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Ask a Trainer Question Answered

Author: Andrea Miller | Date: March 22, 2012

Here’s the next round of answers for our Ask a Trainer feature on our new website. It’s your chance to get dog training advice from the pros at AnimalSense. Stay tuned for more questions & answers, and if you have a burning dog training question, just “Ask a Trainer”!

My dog has it made around here, yet when I open the door he bolts out. How do I get him to stop?

Obviously this is a big safety issue for your dog. Your dog may enjoy the freedom of running loose, but he could be hit by a car, encounter another animal, or become lost or injured.

The best way to deal with a bad behavior is to prevent it from happening in the first place, as explained in Trainer Greg Raub’s blog about prevention and management. There are several ways you can prevent your dog from running out the front door:

  • Keep your dog on leash when opening the door.
  • Use baby gates or other blockades to create an area so that your dog cannot get to the door.
  • Establish consistent rules in your house so that no one is allowing the dog to run out of the door.
  • Teach your dog “Go to Place” and use this command before opening the door. This will take some work, but the general idea is that your dog goes to a “place” such as a bed, lies down and stays there until you tell him to get up.

Here are the steps for teaching “Go to Place”:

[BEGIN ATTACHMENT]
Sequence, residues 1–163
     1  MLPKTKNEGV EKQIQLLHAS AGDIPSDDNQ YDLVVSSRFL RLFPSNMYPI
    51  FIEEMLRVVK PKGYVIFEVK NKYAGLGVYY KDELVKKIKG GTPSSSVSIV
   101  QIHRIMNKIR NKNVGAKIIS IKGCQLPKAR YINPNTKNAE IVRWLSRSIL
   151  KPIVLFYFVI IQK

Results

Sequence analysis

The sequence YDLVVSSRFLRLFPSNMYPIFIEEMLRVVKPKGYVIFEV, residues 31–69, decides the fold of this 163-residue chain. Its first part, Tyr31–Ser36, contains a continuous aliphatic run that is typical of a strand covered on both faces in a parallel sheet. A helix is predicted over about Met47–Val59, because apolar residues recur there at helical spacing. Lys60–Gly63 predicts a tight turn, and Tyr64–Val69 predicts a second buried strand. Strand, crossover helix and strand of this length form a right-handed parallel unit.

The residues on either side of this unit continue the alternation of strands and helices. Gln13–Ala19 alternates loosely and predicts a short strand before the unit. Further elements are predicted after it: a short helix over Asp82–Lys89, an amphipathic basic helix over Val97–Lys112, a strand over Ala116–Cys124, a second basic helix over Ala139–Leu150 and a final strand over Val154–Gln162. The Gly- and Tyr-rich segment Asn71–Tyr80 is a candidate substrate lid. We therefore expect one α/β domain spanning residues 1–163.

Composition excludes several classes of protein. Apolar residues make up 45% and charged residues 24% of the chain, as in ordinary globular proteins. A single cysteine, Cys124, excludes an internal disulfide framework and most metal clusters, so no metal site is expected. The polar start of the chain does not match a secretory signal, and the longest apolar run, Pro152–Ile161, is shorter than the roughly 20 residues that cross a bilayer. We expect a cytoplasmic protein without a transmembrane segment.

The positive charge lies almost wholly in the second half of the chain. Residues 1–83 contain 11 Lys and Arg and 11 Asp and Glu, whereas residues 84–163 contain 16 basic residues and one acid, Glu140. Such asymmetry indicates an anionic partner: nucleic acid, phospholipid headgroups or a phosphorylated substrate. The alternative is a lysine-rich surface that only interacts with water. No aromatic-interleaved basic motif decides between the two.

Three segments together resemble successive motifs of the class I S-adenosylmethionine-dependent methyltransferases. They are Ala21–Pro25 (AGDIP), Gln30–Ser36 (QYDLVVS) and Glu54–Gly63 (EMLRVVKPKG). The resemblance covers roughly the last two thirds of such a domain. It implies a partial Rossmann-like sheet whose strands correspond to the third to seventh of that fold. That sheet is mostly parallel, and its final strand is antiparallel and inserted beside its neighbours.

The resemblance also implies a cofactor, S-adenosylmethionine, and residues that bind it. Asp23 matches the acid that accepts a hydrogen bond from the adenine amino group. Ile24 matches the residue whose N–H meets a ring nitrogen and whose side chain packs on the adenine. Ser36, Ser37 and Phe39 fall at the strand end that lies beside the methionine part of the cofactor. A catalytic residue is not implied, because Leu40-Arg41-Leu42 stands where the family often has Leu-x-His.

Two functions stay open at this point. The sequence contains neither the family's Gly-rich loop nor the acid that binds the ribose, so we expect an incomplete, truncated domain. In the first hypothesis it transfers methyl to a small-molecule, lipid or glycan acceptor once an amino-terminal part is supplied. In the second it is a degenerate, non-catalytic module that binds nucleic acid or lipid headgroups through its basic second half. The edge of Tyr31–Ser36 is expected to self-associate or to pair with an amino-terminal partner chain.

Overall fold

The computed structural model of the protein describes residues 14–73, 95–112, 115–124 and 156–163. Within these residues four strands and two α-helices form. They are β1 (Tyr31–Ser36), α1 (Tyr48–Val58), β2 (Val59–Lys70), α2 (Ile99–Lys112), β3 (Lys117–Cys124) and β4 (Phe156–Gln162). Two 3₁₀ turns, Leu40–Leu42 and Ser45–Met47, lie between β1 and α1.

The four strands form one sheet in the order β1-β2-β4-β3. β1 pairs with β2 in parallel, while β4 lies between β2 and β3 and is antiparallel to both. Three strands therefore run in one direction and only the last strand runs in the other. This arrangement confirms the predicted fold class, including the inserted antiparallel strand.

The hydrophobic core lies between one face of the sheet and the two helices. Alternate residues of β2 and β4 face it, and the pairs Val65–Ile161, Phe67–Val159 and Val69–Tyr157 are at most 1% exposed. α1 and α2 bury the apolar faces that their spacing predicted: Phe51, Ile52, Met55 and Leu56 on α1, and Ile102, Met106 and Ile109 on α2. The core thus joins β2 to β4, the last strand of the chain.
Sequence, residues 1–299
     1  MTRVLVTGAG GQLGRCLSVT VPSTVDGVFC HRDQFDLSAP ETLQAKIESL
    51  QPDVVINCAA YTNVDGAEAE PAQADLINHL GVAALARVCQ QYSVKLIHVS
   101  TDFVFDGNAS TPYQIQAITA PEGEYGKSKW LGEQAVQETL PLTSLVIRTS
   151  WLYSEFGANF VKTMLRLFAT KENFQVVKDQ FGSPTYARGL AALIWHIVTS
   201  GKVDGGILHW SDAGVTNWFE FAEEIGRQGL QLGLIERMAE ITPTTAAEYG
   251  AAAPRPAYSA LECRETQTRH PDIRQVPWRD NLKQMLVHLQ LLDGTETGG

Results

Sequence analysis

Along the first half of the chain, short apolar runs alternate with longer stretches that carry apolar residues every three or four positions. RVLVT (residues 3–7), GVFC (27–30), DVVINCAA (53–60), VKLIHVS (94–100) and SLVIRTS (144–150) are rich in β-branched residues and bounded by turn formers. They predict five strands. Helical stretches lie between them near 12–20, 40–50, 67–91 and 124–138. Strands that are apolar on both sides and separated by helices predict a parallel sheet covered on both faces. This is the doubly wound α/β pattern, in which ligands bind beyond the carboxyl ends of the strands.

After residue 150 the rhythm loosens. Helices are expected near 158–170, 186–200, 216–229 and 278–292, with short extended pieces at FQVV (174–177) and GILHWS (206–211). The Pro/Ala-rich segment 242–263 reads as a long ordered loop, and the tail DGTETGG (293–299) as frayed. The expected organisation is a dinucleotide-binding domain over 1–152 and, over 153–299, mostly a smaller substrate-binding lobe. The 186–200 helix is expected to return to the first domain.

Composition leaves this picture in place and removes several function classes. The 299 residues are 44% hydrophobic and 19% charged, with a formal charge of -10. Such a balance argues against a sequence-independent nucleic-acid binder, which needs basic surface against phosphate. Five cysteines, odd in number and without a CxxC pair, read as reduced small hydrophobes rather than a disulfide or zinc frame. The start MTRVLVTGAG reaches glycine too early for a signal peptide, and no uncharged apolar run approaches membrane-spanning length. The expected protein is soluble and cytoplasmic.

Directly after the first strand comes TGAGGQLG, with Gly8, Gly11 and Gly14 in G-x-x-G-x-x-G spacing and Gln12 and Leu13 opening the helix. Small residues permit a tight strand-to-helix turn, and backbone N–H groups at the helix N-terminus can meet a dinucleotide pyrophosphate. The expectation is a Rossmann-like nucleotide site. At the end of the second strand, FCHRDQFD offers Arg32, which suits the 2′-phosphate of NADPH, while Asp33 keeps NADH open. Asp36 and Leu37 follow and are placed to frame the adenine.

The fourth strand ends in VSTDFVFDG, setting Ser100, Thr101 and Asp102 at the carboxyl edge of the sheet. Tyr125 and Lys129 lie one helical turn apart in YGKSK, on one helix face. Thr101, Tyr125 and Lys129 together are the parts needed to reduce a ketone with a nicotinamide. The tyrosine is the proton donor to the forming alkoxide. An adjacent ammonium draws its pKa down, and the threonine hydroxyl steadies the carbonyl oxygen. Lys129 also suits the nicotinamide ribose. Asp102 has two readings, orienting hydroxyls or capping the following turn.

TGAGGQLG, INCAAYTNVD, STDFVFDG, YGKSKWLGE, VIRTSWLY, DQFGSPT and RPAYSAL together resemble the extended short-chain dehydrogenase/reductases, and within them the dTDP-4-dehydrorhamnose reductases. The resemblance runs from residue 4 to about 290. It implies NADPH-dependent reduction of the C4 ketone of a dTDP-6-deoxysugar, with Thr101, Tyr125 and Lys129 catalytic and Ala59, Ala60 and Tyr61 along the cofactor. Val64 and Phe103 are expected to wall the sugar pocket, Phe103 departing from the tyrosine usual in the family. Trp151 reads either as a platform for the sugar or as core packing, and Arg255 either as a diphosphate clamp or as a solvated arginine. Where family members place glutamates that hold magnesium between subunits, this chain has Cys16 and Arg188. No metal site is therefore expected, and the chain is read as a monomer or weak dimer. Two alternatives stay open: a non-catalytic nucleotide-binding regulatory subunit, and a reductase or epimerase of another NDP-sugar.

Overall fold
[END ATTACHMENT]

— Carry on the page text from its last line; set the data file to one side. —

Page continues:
1. Set up a towel, bed or mat in a part of the house you would want your dog to stay. Throw atreat on it and say “Bed/Place”.  When your dog puts its paws on the mat, say “good”. The reward on the bed will be the treat.2.  Repeat step 1 5-10 times.3.  On the tenth try in a row, fake him out by saying “bed” and pretending to throw the treat on the mat, and wait.  Don’t leave your hand over the bed because then they will be focusing on your hand.  Wait up to 30 seconds without repeating and stare at the mat.  If your dog thinks a moment and then goes to see if he missed the treat being thrown, the second that his paws hit the mat, say “Good” and give a treat to them while they are on it.4.  If he goes spontaneously onto the mat, reward that.

5.  If he stays on the mat, reward that.

6.  Keep doing this without adding distance to the mat.

7.  When you say “bed” to your dog, and they automatically put their body on the bed and look at you, you know you’re making progress.

8.  When you add distance, do it slowly and always work from the point that your dog was most successful.

By using prevention and management, you can stop your dog from bolting out of the house. However, setbacks happen sometimes.

Remember that if your dog escapes, you should never scold him when you finally catch him.

If you scold a dog when you catch him, you are actually teaching him not to let you catch him.

You should also have a reliable recall, or “come” so that if your dog does manage to escape, he will return to you when called. AnimalSense’s Recall & Leash Manners class can help you reach that goal with your dog.


We would now go anywhere in the greater Chicagoland area (we’d probably stop at state lines) to take these classes.

Kelly F. | View Client Testimonials


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